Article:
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had done a lot of work to try to be prepared to participate. but we did not see economic returns. we haven't seen economic returns in russia just yet. but i don't necessarily regret those decisions. erik: john watson joined chevron 35 years ago, right out of business school. he started as a financial analyst and rose to become cfo and executive vice president of strategy before being named chairman and ceo in 2010. fadel: he is a very quick study. he is very intense. he is not an engineer by training, which is different. because everybody who runs exxon must be an engineer. so -- but having said that, he made good decisions. served him well, served his shareholders well. sometimes, it is luck. sometimes it is brains. but at the end of the day, it is the results that count. erik: next, chevron makes its biggest bet ever in australia.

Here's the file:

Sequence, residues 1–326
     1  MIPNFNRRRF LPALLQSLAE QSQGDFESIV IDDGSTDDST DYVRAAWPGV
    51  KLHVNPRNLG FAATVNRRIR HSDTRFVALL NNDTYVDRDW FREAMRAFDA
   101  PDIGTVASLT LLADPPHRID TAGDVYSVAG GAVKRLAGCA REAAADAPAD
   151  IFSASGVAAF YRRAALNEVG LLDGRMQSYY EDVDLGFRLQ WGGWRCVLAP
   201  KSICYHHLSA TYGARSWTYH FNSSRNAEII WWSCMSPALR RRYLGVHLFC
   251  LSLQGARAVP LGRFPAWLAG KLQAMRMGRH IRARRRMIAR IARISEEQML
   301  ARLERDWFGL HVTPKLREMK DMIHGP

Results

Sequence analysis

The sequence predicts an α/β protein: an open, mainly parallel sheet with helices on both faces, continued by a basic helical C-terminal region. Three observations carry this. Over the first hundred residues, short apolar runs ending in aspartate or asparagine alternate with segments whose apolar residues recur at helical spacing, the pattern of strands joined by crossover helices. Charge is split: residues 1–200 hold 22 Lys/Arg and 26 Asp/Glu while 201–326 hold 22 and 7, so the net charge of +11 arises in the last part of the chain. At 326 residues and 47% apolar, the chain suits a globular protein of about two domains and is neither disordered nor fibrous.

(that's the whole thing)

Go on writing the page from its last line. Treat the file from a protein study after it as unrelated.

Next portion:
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>> that is very big. erik: and overspends by the billions. fadel: we've got problems. erik: plus, why there's a future for big oil. john: we are going to need energy. erik: "inside chevron" returns. ♪
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♪ >> this is the gorgon. it is the biggest project of its kind in the world. erik: 37 miles off the coast of northwest australia, here, on a remote island with no full-time residents, chevron is building a $54 billion liquefied natural gas plant. >> that right there is the jetty. the liquefied natural gas comes out of the storage tank and meets the tanker.